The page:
This type of choice could be the result either of a strategy of anonymization by the UBO (the Ultimate Beneficial Owner), in order to eliminate any traces of traceability or it could be the case of companies already pre-established by the advisor to which either progressive company names or very generic and vague company names have been given.

Legal headquarters in locations inconsistent with the stated business.

The address where the company is located is another important element in identifying the type of company.

It is fundamental, in order to discover the existence of a shell company, to investigate the address of the company in order to understand the type of property in which it has its registered office and/or exercises its activity.

Moreover, another very common element is represented by the presence of more companies registered at the same address.

To verify this possibility, it is possible to carry out a search by address on any search engine or on the various paid databases (and not) available on the market.

Absence on the web.
Generally, a shell company is not present on the web, both in terms of news, content and advertisements, and in terms of the website, as it does not carry out an operational activity and would not need to.

This aspect does not always correspond to the truth because, in some cases, a shell company may need to be present on the web to demonstrate an apparent operational activity.

One of the tools for combating the use of shell companies as a shield for hiding and laundering illicit proceeds is the Register of beneficial owners.

Let us analyze its regulatory genesis and its operation.
The establishment of the Register of Beneficial Owners was introduced by EU Directive 2015/849, which provided for a National Central Register for each Member State (interconnected with those of the other Member States) in which data on the beneficial owners of companies and other legal entities, trusts and related institutions are collected.

The transparency and the possibility to know of data concerning beneficial ownership was profoundly changed by EU Directive 2018/843, that changed the provisions on access to the Register.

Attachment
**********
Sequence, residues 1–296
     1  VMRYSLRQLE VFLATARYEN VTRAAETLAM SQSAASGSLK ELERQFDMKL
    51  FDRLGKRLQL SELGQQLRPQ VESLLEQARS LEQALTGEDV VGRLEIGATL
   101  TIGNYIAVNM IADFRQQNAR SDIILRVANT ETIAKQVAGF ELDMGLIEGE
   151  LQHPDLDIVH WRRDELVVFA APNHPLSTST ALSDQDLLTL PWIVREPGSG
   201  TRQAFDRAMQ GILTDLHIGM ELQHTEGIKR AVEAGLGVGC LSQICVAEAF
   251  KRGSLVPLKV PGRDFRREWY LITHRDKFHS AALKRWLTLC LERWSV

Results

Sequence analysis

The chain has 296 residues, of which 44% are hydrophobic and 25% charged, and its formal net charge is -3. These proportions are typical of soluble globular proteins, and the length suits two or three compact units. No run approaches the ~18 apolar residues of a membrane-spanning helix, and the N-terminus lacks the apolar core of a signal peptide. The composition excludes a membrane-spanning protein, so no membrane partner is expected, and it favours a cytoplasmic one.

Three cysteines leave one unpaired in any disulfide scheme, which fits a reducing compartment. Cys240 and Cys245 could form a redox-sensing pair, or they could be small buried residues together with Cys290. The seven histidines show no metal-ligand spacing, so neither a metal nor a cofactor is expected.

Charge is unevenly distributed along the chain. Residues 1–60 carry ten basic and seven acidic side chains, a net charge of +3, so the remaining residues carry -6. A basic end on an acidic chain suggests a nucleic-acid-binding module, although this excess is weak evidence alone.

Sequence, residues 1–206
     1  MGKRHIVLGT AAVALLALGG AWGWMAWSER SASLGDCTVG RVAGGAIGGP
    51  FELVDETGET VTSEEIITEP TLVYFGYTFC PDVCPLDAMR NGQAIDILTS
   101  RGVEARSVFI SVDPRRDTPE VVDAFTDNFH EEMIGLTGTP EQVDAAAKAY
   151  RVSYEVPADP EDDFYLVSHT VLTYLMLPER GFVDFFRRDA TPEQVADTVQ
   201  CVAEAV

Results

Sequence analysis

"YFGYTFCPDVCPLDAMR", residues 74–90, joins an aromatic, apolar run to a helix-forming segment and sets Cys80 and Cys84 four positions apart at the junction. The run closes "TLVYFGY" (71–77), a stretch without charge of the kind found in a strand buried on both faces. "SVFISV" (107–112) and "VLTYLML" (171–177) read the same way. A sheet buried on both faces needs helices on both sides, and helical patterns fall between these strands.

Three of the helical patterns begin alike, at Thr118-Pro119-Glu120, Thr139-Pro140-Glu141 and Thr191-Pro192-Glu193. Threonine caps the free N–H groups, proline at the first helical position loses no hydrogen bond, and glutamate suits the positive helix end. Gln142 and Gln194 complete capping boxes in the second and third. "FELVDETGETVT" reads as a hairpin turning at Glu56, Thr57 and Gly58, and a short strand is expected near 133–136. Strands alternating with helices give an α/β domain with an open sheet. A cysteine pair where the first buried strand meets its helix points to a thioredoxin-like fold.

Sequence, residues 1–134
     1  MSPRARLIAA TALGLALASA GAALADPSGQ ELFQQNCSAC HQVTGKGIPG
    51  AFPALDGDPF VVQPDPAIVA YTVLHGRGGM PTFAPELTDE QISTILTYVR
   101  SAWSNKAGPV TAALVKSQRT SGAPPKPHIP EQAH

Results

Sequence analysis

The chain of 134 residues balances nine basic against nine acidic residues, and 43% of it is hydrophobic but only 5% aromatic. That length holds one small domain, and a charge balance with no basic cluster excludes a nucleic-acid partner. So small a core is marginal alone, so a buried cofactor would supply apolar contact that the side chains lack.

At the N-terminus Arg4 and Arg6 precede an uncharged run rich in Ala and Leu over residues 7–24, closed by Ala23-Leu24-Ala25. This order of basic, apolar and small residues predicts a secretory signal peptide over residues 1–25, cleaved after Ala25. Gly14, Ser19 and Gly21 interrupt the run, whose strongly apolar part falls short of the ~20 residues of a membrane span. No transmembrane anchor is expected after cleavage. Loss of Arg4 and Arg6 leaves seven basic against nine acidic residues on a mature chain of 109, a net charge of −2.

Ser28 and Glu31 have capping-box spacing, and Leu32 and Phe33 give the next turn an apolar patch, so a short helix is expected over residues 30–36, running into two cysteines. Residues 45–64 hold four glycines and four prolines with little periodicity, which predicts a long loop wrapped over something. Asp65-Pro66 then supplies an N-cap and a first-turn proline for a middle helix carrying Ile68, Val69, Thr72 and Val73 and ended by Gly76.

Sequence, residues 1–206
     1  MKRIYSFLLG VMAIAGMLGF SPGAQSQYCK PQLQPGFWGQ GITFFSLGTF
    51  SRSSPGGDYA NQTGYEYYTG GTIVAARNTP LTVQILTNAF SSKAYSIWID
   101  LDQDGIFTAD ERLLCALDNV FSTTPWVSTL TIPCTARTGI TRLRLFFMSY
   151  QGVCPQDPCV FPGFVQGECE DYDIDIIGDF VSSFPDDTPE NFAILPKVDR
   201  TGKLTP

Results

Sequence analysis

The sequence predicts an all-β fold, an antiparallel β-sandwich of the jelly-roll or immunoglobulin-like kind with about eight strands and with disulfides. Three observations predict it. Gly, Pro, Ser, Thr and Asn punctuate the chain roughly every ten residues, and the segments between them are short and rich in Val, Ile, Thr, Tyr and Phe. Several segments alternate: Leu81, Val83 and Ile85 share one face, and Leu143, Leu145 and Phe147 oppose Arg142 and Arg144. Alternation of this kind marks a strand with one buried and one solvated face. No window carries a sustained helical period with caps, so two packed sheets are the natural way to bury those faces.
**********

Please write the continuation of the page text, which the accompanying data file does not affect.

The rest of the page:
As a result, firm regulation in favor of the Authorities and obligated parties:
a) Access to the data of companies and other legal entities was provided “in any case” in favor of the “public”;
b)Access to the data of trusts and related institutions has been provided for in favor of any natural or legal person requesting access, subject to the demonstration of a legitimate interest;
c) The possible exceptional exception on the grounds of serious risk to the beneficial owner is confirmed, extending it to access to information regarding trusts and related institutions.

On March 22, 2021 the Implementing Regulation no. 369/2021 of the Commission, concerning the interconnection between the national central registers of UBOs (Ultimate Beneficial Owner), in line with the IV and V Directive on AML, came into force for the member states of the European Union – and therefore also for Italy.

The Regulation has established a general register called with the English acronym “BORIS” (Business Registers Interconnection System) which, through the interconnection between national business registers, provides a single public access for all member states to information relating to beneficial ownership, in accordance with European anti-money laundering legislation.

In Italy the adoption of the National Registry has suffered a setback, as a result of the Council of State’s censure of the MEF Decree that should have established it.

New initiatives from the Ministry will come in the months ahead.

The analysis of the statements made by the Client for the actual ownership of a legal entity is a key step in determining and managing AML risk.

Even if there are declarations from national beneficial ownership records, the entity subject to AML regulation is required to validate these declarations through a counter-audit.

With Cheope you can automate the screening for beneficial ownership, with documentation and analysis to demonstrate due diligence. Contact us to learn more about the service dedicated to the identification of the beneficial owner in Italy and abroad.

Each company can advantage from the right tools.

Cheope match strong ability in data providing, both official and investigative, with a focus to the Client’s need.

We can provide official evidences and investigative focus, linked together by a strong and clear reporting.

Our AML and CFT screening Service advantage from expertise and deep knowledge of the legislative frame.

And when you need assistance, CHEOPE’ staff is ready to support you directly from the headquarters in Lodi, Viale Milano 40.

Get in touch with us; we will empower together your AML process.